Being in the pink of health doesn’t guarantee that you wouldn’t get pre-diabetes. Find out whether you’re at risk, and what you can do about it.
You may be working out three or four times a week and think you’re making healthy food choices most of the time, but that doesn’t mean you’re safe from diabetes.
Even if you’re not experiencing symptoms of diabetes, you may well have its silent precursor: pre-diabetes. That smoothie you had at breakfast and the fruit juice you had at lunch – those seem like healthy options, but the sugar content adds up.
We’re all guilty of having a sweet tooth, but we often don’t realise how much sugar we’re actually consuming. And it’s not just sugar that’s the culprit. A host of other factors that include family history of diabetes, a sedentary lifestyle, and an excessive consumption of red or processed meat can set you on the path to pre-diabetes.
What’s pre-diabetes again?
Pre-diabetes is a condition where your blood glucose (aka blood sugar) levels are higher than normal but not high enough to be in the diabetes range. It’s a precursor to Type 2 diabetes and can affect anyone.
When the amount of glucose in your blood is too much for your body to break down and insulin hormones to absorb, that’s when Type 2 diabetes occurs. Individuals with family history, high blood pressure, high blood cholesterol, and a BMI of 23.0 and above are at higher risk of developing this condition.
According to the National Health Survey 2010 conducted by the Ministry of Health, one in nine Singaporeans aged 18 to 69 has diabetes, while one in seven from the same group has pre-diabetes.
While diabetes comes with tell-tale signs like constant thirst, bad breath, fatigue, blurry vision, slow-healing cuts and yeast infections, and the need to pee more often, pre-diabetes comes with no warning signs. Yes, you read that right. So, there’s a legit chance you might have pre-diabetes without even knowing it.
It’s more prevalent than you think
An extrapolation based on the National Health Survey 2010 shows that about 440,000 Singapore residents aged 18 and above had diabetes in 2014, and the number is estimated to grow to one million in 2050.
If left unattended, 35 per cent of those with pre-diabetes will develop diabetes over the next eight years, and potentially develop complications like coronary heart disease and stroke.
The scary part about pre-diabetes is that, unlike diabetes, it has no symptoms, which means you might have it for years without knowing. Even if you exercise and eat your greens diligently, your sedentary office lifestyle, lack of quality sleep as well as certain dietary choices might still put you at risk.
These reasons alone should make you sit up and start making sure you’re not headed towards pre-diabetes or diabetes.
If you are between the ages of 18 and 39 years, take this 2-minute assessment to find out whether you are at risk of developing diabetes.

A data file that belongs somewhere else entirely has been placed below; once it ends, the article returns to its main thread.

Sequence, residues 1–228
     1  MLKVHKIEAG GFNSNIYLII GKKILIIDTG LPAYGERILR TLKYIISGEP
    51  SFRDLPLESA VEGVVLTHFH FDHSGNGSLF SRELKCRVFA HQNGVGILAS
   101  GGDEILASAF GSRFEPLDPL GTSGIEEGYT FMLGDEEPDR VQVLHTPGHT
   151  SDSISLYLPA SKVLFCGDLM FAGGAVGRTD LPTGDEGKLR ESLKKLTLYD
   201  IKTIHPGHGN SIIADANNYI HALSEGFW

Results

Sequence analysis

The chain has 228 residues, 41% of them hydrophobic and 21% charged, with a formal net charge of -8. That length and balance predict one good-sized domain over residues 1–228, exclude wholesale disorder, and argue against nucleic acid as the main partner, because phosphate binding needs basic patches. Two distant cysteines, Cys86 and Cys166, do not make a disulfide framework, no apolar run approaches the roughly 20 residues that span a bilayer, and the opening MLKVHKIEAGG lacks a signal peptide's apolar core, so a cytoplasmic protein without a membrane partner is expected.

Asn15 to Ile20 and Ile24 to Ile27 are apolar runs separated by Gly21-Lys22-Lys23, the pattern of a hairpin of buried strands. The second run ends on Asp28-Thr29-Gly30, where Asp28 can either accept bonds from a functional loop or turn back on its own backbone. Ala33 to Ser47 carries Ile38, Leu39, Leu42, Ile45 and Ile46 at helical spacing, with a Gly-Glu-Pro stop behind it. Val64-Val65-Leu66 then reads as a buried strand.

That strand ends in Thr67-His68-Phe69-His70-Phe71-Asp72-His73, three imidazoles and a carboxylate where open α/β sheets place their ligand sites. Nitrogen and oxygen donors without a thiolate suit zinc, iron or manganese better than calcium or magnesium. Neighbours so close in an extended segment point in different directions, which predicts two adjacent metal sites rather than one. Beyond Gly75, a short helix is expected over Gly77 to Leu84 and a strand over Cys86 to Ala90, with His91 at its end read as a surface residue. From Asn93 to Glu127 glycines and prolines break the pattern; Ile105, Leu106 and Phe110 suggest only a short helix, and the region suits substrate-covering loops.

The good news is…
Pre-diabetes is reversible. Not everyone with pre-diabetes will develop Type 2 diabetes. So, it is important to take action as soon as you are diagnosed with pre-diabetes, to prevent it from developing into Type 2 diabetes.
Start by practising these healthy lifestyle tips.
Swap processed foods with whole foods.
Opt for low-fat, high-fibre foods such as whole grains, fruits and vegetables, and go for low glycemic index (GI) options like brown rice, oats and wholemeal bread instead of refined carbs like white rice, pasta and white bread.
High-GI foods can spike your blood sugar level and then send it plummeting. Repeated spikes in your blood glucose level can lead to an increased risk of pre-diabetes and Type 2 diabetes.
Choose whole fruits over juices.
Fruit juices are typically made from multiple servings of fruits, which means you’re consuming more sugar than you would have if you ate a piece or two of fruit.
Plus, most of the fibre and nutrients are lost when fruits are blended into juice, so you’re basically consuming a sugar-laden drink without much health benefits.
Move more than you think you should.
Exercising helps to lower your blood glucose level, and also increases your body’s sensitivity to insulin, the important hormone that helps to regulate blood sugar in your body.
Aim to lock in 30 to 60 minutes of moderate to high-intensity activity five times a week.
Maintain a healthy BMI.
If you are overweight, it’s best to get started on a weight loss programme even before you’re diagnosed with pre-diabetes. Losing just five to 10 per cent of your weight through healthy eating and regular exercise can significantly reduce your risk of developing Type 2 diabetes.
Maintaining a healthy weight will not only reduce your risk of pre-diabetes and diabetes, but it will also lower your risk of other diseases such as heart disease and stroke.
Go for regular health checks.
Since pre-diabetes has no noticeable symptoms, it’s a good idea to get yourself checked regularly. Early detection allows for timely intervention, and will give you a higher chance of reversing diabetes and/or preventing complications from arising.
Take the 2-minute Diabetes Risk Assessment every two years, to ensure that you remain at low risk of developing diabetes.
For those aged 40 and above, the Health Promotion Board (HPB) recommends going for health screenings for chronic diseases such as diabetes once every three years. Check out HPB’s Screen for Life for more info.
— Brought to you by Health Promotion Board —